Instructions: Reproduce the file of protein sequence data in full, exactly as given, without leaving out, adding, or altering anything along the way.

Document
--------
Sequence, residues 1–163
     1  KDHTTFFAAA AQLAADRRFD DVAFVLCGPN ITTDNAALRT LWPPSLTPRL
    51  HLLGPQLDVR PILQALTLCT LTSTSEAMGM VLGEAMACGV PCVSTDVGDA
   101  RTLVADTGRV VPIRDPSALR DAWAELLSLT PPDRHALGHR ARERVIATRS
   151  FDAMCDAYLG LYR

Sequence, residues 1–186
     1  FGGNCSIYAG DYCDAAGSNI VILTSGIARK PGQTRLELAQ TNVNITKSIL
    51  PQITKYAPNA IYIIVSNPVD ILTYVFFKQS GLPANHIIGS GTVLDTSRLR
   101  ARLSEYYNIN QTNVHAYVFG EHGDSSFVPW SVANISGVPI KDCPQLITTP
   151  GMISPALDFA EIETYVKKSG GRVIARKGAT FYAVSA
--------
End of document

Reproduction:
Sequence, residues 1–163
     1  KDHTTFFAAA AQLAADRRFD DVAFVLCGPN ITTDNAALRT LWPPSLTPRL
    51  HLLGPQLDVR PILQALTLCT LTSTSEAMGM VLGEAMACGV PCVSTDVGDA
   101  RTLVADTGRV VPIRDPSALR DAWAELLSLT PPDRHALGHR ARERVIATRS
   151  FDAMCDAYLG LYR

Sequence, residues 1–186
     1  FGGNCSIYAG DYCDAAGSNI VILTSGIARK PGQTRLELAQ TNVNITKSIL
    51  PQITKYAPNA IYIIVSNPVD ILTYVFFKQS GLPANHIIGS GTVLDTSRLR
   101  ARLSEYYNIN QTNVHAYVFG EHGDSSFVPW SVANISGVPI KDCPQLITTP
   151  GMISPALDFA EIETYVKKSG GRVIARKGAT FYAVSA